Tait: "I went back to Kelso, but once I got home I couldn't really settle and I went down to the Black Swan to watch the game. A few of the locals were in. We were only half-watching it, but then it got interesting and then it got very interesting. When Gibbsy [Scott Gibbs] went for over for the winning try the place erupted. The beer was flowing. I bought a couple of bottles of champagne at one stage. The cheaper stuff, mind. Nobody was used to drinking champagne in the Black Swan."
'We were champions'
Logan: "We were champions. That's when the phones started ringing. We were going to be presented with the trophy at Murrayfield on the Monday so we had to get back to Edinburgh as fast as we could. Shawsey dropped me off at the airport. He said, 'You boys are going to be unbearable'."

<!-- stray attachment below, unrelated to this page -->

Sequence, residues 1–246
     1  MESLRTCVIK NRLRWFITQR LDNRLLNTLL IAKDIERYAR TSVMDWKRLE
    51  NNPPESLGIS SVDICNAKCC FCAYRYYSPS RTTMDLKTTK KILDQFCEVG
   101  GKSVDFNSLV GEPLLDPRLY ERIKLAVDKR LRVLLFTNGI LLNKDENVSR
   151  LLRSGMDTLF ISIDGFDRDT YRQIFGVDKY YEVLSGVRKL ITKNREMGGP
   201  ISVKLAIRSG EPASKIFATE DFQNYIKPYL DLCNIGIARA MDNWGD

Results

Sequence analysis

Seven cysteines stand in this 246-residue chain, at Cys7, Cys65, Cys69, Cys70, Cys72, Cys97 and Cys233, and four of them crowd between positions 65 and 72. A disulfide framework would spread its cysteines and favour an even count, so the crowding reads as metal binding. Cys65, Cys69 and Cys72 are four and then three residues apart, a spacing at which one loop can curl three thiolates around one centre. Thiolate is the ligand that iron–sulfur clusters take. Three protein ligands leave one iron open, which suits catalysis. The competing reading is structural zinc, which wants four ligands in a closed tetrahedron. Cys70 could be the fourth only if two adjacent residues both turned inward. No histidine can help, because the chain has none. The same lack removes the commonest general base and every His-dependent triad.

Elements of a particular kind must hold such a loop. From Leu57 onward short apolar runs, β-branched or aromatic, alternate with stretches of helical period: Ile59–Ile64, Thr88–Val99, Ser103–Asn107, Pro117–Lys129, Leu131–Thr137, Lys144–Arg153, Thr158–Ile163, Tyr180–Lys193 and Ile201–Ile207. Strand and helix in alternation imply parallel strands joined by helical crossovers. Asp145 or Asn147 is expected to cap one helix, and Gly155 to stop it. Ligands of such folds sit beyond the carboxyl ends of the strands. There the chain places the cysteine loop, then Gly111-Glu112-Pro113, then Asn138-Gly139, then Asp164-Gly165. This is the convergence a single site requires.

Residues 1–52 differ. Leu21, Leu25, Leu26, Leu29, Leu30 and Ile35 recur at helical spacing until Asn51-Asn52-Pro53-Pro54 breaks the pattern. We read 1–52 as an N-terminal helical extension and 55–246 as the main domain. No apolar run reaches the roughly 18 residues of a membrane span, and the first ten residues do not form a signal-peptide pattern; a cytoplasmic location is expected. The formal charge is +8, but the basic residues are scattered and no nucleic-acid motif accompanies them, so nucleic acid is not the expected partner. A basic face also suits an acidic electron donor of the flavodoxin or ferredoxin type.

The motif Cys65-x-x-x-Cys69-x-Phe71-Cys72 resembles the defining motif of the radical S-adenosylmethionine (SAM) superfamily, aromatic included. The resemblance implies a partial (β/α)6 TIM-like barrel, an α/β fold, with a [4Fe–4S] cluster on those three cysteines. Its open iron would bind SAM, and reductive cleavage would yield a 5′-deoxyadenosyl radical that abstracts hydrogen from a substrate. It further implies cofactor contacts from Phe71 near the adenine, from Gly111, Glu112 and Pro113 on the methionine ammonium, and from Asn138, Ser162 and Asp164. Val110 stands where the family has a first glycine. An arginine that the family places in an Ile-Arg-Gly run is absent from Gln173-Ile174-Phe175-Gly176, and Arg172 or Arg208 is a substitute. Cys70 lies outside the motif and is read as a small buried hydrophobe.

Bulloch: "We didn't really know what was going to happen, but something like 10,000 people turned up. Everybody was in blazers, but then word came down from Famous Grouse [the team sponsor] that we had to wear some branding, so they brought out these bloody awful caps. I'm not sure anybody wore them."
Logan: "When I think back on it now, I have the England game in my head as well as the France game. I missed three kicks at Twickenham and we lost 24-21. I hadn't kicked in three weeks because I had a knee injury and it was all strapped up. If I'd kicked those goals then we'd have had a Grand Slam. It is what it is. It was still a major trophy - our last in 20 years."